Seth Hardwick of Laramie, Okla., rides Carr Pro Rodeo’s Night Bells for 88 points May 5 to win the bareback riding at the 81st edition of the Guymon Pioneer Days Rodeo. Hardwick, who attended nearby Oklahoma Panhandle State University, considers Pioneer Days Rodeo one of his hometown rodeos. (Robby Freeman photo.)
Hardwick wins ‘hometown’ rodeo
Night Bells is an established bucking horse that performed at the Wrangler National Finals Rodeo.
The two entities got together May 5 for 88 points and the bareback riding championship at the 81st edition of the Guymon Pioneer Days Rodeo. It was a magical afternoon for Hardwick, a 24-year-old bronc buster from Laramie, Wyo.
“I’d heard of that horse, but I’d never seen him,” Hardwick said of the Carr Pro Rodeo horse, which was sired by the great stallion Night Jacket. “He was supposed to be really good and very rider friendly. He made the finals last year, so that was good enough for me.”
NEWS & NOTES
Curt Pate to speak at New Mexico Indian Livestock Days May 14 to 16
The largest Native American livestock producer conference in the nation will have a special attraction this year.
Curt Pate, a Montana cowboy who consulted on the 1998 Robert Redford film “The Horse Whisperer,” will be presenting a session on horse sense at the New Mexico Indian Livestock Days, May 14 to 16 at the Route 66 Casino and Hotel in Albuquerque.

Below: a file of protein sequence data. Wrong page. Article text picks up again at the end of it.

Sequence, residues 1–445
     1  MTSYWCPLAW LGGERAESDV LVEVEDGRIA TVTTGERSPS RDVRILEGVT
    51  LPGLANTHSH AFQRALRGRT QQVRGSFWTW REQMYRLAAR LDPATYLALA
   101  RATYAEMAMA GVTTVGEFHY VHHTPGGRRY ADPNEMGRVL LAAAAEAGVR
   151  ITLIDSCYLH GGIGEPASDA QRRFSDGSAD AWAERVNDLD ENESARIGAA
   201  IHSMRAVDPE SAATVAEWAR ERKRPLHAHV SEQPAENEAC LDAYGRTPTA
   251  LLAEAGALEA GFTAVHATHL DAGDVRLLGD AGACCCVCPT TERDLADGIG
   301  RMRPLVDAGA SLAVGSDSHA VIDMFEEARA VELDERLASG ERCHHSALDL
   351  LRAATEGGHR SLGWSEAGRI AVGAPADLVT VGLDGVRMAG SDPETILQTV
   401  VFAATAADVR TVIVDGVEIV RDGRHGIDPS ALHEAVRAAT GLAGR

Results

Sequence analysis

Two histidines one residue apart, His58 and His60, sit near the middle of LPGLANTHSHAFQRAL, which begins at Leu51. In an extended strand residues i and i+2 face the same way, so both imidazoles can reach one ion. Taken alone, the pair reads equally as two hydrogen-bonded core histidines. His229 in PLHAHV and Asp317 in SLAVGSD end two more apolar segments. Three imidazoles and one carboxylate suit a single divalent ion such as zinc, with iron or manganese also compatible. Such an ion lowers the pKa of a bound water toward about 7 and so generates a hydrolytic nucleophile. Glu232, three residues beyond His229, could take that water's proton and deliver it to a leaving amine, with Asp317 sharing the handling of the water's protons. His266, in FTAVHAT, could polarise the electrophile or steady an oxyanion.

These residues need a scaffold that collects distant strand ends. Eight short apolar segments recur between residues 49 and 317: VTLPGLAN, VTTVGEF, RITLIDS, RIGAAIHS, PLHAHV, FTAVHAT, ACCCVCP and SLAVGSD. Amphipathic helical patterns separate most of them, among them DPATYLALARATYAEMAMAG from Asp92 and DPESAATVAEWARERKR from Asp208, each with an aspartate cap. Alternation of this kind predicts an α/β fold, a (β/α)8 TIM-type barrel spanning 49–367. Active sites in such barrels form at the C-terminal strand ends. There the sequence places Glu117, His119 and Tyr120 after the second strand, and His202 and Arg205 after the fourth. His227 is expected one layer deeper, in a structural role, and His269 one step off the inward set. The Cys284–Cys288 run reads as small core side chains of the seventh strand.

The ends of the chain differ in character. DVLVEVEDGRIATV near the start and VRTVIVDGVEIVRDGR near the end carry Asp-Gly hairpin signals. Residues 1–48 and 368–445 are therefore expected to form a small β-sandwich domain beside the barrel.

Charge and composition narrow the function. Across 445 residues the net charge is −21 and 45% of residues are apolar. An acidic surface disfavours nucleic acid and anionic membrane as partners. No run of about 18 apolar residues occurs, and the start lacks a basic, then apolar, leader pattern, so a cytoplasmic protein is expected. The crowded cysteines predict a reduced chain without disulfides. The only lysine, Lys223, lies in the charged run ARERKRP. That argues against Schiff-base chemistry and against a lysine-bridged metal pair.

The annual conference conducted by New Mexico State University’s Cooperative Extension Service provides research-based information to livestock producers to help improve profitability of their herds.
Two equine health concerns in Colorado
The Colorado Department of Agriculture is encouraging livestock and pet owners to discuss animal health concerns, including the need for rabies vaccination, with their local veterinarian after a horse in Logan County was euthanized and subsequently tested positive for rabies.
“The department would like to stress two very important points,” said State Veterinarian, Dr. Keith Roehr. “One—owners should monitor their animals for clinical signs of rabies; and two—local veterinarians are a valuable resource to help producers decide the best course of action to protect their livestock and pets from rabies.”